Benny and his friend Griffin at Ocean Beach in San Francisco.

Friday, October 14, 2005

The Rise and Fall of a Really Long Book

Well, I just closed up Book No. 2, written by military history writer Paul “I wish I was Gibbon” Kennedy. Paul Kennedy wrote “The Rise and Fall of the Great Powers” and “The Rise and Fall of British Naval Mastery”, among others. (1)

Described as “a work of almost Toynbeean sweep,” the Great Powers book purports to describe economic change and military conflict from 1500 to 2000. Well, jolly. Apparently just reading a military history book isn’t tough enough, Let’s throw in some economics for fun. (2)

Kennedy is definitely an economist -- never met a list he didn’t like. When discussing 15th-century China, a lesser historian would refer to “the formidable Ming navy.” Not Kennedy – he’ll list how many combat vessels, how many floating fortresses, how many cruisers, how many private ships, etc., along with a list of the countries the private ships traded with. Bleah. Remember Clause’s “dreary pedantry?”

Kennedy lists the world’s most “broad and fertile river zones,” to no real purpose (his point was that Europe didn’t have any), just to show off. He lists North America’s biggest exports, Europe’s busiest ports and types of missile-throwing instruments. (What the hell is a trebuchet? Who cares?) (3)

Then he goes on to the Hapsburgs and turns slightly less boring, happily listing the reasons the empire failed. (sounded a little smug, too; after all, the empire survived in some form for 400 years. The U.S. should be so lucky.)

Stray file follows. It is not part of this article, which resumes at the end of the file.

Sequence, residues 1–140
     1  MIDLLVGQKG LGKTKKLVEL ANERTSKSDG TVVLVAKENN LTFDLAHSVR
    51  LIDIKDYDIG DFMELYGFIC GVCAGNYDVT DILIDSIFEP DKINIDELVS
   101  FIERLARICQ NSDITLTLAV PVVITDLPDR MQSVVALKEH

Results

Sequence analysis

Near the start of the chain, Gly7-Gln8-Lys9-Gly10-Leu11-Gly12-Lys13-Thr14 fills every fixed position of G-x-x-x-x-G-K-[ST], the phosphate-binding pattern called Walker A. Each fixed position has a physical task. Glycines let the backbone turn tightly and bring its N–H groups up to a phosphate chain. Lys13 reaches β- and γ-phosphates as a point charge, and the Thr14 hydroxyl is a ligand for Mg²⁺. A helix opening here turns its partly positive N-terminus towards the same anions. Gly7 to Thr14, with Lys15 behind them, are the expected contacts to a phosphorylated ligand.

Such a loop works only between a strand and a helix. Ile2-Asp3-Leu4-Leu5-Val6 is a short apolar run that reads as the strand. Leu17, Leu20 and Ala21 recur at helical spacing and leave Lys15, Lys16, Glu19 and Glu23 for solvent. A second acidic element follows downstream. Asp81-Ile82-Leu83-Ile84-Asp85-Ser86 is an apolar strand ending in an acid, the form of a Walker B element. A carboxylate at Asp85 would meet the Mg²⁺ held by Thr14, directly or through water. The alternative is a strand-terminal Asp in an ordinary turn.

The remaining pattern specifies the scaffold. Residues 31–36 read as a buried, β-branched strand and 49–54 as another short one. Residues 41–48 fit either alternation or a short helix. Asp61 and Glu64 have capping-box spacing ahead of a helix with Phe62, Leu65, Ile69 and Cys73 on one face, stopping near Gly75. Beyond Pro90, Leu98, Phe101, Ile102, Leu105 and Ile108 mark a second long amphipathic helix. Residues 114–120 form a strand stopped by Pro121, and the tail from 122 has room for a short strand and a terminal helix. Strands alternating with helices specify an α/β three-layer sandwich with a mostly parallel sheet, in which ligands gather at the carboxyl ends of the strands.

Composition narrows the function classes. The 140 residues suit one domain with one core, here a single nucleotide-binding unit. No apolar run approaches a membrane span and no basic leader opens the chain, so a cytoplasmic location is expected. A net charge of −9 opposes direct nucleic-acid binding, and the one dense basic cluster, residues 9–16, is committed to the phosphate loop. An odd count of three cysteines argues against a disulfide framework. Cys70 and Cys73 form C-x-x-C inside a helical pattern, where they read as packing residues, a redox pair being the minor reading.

I liked some of the economic backdrop, how sheep grazing willy-nilly all over 16th-century Spain hurt that country’s ability to fight in the Netherlands. (4) He made a nice point that Wellington’s army in 1815 wasn’t much different than Lord Marlborough’s a century before. Nelson’s fleet wasn’t much more advanced technologically than Louis XIV’s. It was the military organization that changed.

But Kennedy would constantly undermine his own writing. He wanted to be both Good Cop and Bad Cop whenever he analyzed a country. Which is fine, you want to know both the positives and negatives.

However, it’s pretty discouraging to sit through tiny-type pages filled with long lists, praising the Power to the skies (such wonderful diplomacy, arms production, railroads, military development!), only to read that actually, the country has no money and a crazy leader and won’t amount to anything.

This isn’t Good Cop/Bad Cop, it’s Good Cop/Bad Sargeant, where a cop lists 43 reasons why you aren’t really in trouble and then Sarge strides in and barks, “Lock ‘im up!”

After a while, you conclude that nobody’s any good, everyone’s riddled with tragic weaknesses, and we should all go back to pounding rocks with sticks. Kennedy turned much more confident and readable with World War II, but after that I kind of gave up and watched “Hot Properties” on ABC.



1) Gibbon wrote “The Rise and Fall of the Roman Empire.” I know, it was a cheap history joke. Sue me.

2) And no, I don’t know who Toynbee was. The line’s funnier if you don’t know. I see great possibilities for intellectual references. “How was that parenting article on the dangers of stickers?” a playgroup mother might ask me. “Ah,” I’ll say in awed tones, “It was a work of almost Toynbeean sweep.”

And yes, I really did read an article last week warning parents about stickers. We are a nation at risk, surely.

3) It’s some sort of medieval catapult. You can buy a desktop model at for 30 bucks. Yawn. God, footnotes are boring.

4) Don’t ask me how. Read it yourself. I’m not going back in there.


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